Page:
6 have had a positive impact on the community. Concerned citizens report a concern, see a response from a complaint within a two week period, and often receive immediate relief from the problem behavior. The SLCPD Methamphetamine Initiative also focused heavily on training. The Narcotics Unit that handled clandestine lab scenes received significant training and became a certified clandestine lab team. With additional training and an additional certified team, resources in the area doubled, unexpected exposure decreased and community complaints were handled rapidly. Cross training for law enforcement personnel and other partners gave participants multidisciplinary perspectives on the problem. This proved to be extremely helpful as it assisted the partnering agencies to become more effective in working as a team on cases, legislation and other community projects. Through these training efforts the COPS Meth Initiative partners received pertinent training which include family drug court training, drug endangered children training, specialty investigative trainings, and data base training. The SLCPD also made a concerted effort to involve and educate the community. The collaborative training effort, included trainers from various fields, initiated through the partnering agencies to local, county and state government agencies, commercial businesses, neighborhood watch, public schools, landlords, utilities, social service agencies, hospitals, etc. Over fifteen classes are available and adapted for a variety of audiences. Involvement of the community began in the planning stages of the project and has been a major effort of the COPS Meth Initiative. Efforts include working with neighborhoods to resolve drug problems as well as working with government agencies and community leaders to provide a joint coordinated response. Representatives from key agencies are co-located with the Salt Lake City Narcotics Unit and respond as a team. The Meth Team, consisting of professionals from key agencies, is co-located with the Narcotics Squad to address four issues related to narcotics: immediate/proper response to drug endangered children, rehabilitation and the reuniting of families, community health/safety, and public awareness/education. Joint decisions made by the "team" strengthen cases and bridges the gap between agencies. Further, the entire team meets regularly to set goals, problem solve and develop needed legislation. The Meth Team has added an important element to this strategy by providing accessibility to resources at the scene and during the investigation that were previously dispersed throughout the independent agencies. By adding a District Attorney, Paralegal, Child Protective Services Worker and Environmental Health Specialist that are immediately available, the Team becomes a more effective and comprehensive element in providing resources to those in need.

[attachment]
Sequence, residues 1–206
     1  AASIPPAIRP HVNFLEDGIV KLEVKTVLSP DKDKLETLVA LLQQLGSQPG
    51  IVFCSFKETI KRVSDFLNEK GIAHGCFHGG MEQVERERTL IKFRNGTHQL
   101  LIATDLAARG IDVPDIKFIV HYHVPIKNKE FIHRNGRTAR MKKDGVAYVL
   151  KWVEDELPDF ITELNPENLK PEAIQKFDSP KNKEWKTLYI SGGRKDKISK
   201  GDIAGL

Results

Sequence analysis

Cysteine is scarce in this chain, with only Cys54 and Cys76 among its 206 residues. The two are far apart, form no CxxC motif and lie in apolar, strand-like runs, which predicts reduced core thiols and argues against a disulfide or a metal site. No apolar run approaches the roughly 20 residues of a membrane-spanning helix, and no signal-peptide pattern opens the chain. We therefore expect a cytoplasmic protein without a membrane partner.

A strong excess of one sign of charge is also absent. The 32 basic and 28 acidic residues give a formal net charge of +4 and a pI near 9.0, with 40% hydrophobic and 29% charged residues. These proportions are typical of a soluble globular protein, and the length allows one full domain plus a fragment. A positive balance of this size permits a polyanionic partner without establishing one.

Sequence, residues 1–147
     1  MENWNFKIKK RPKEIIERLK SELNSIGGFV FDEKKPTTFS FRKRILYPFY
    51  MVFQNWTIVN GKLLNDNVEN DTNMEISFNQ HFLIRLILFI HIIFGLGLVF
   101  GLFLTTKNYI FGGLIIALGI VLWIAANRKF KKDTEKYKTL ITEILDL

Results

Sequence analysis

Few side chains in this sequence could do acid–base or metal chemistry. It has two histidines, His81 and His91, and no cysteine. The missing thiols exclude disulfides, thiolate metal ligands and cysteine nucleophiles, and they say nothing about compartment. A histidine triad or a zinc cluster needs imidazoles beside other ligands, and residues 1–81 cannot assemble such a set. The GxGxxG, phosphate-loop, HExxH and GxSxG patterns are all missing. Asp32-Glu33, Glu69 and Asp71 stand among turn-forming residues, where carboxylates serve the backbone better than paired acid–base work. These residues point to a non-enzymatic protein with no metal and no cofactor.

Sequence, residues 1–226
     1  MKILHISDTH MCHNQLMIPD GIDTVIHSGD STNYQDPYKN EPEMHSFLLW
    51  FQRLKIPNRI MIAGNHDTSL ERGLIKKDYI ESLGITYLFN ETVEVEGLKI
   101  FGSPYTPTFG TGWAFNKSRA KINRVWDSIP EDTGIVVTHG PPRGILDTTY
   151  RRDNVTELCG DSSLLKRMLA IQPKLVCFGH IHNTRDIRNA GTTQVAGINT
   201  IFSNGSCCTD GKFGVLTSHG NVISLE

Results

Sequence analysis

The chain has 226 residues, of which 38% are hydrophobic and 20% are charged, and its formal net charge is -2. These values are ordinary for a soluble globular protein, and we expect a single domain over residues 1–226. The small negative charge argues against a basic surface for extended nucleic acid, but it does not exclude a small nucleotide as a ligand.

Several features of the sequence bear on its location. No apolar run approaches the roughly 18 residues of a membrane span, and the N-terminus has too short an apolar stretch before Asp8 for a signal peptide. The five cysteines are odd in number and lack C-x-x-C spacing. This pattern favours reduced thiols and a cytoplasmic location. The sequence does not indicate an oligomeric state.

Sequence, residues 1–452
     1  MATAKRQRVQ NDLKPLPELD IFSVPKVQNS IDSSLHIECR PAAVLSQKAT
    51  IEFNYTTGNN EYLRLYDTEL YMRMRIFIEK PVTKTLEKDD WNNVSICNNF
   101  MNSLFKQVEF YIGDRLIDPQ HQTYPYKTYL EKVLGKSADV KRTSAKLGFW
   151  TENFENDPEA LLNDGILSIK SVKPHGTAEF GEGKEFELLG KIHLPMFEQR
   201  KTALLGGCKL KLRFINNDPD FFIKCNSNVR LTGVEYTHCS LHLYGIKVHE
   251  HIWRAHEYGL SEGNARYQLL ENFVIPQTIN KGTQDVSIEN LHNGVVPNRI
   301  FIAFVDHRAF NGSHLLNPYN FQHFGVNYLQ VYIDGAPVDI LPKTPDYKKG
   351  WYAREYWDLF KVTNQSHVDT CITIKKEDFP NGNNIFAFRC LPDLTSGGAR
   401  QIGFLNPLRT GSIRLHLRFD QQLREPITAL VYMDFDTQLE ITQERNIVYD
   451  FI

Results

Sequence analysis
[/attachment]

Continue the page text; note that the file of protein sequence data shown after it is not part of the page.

7 The Meth Initiative brought together agencies that traditionally had difficulty working together. As these agencies work on the many faceted issues of meth addiction they have developed positive working relationships and a joint community response to the methamphetamine problem as well as other community issues. Through the cooperation from valley wide agencies we are able to utilize additional resources that have yielded more positive long-term effects. One of the key components of the Meth Team is the Intelligence Office. The Data and Intelligence Analysts provide the needed technical and computer expertise to effectively combat today's drug distribution and manufacturing networks. This support results in greater hours spent in the field by detectives and a more thorough and complete investigation including research, link charts, financial records, toll information and data analysis. Another area the SLC law enforcement subcommittee has focused on is seeking greater penalties for meth manufactures. One of their major success in clandestine lab investigation is through tracking the regulated sales of crystallized iodine. Through the Iodine Database, law enforcement is able to track who is involved in the manufacturing process. Those individuals who are supplying precursors to be used in the production of meth are subject to additional charges for each time they purchase iodine. These enforcement techniques work hand in hand with the enhanced precursor laws established in the state of Utah. (See attachment 1, Hensley Case) Ion Scan equipment has been obtained to assist in gathering evidence for child endangerment cases and obtaining probable cause for search warrants. Child endangerment cases allow for greater penalties in the State of Utah as these crimes are victim crimes reaching a higher level of community threat. Intervention One of the major successes of this collaboration is Salt Lake's Drug Endangered Children (DEC) program, which was developed to address the growing epidemic of children who are exposed to dangerous drugs and chemicals. The DEC program combines the resources of law enforcement, prosecution, child protection, environmental health, and medical personnel to provide a joint response in drug cases involving children. Through this collaboration the initiative streamlined joint agency protocols when responding to scenes with drug exposed children. Salt Lake City's DEC program was developed as a pilot project for the state of Utah. DEC projects have also been developed in West Valley City, Davis County and Ogden, Utah. As local law enforcement agencies conduct warrant service on suspect drug homes one of the concerns they address are the children found living in clandestine labs and high use drug homes. Children who are exposed to drugs are often subject to physical and emotional neglect and live in filthy conditions. The Meth Initiative has tracked the number of children who are discovered in a clandestine lab sites and high use drug homes over the past three years. In the first two years of the project, the number of children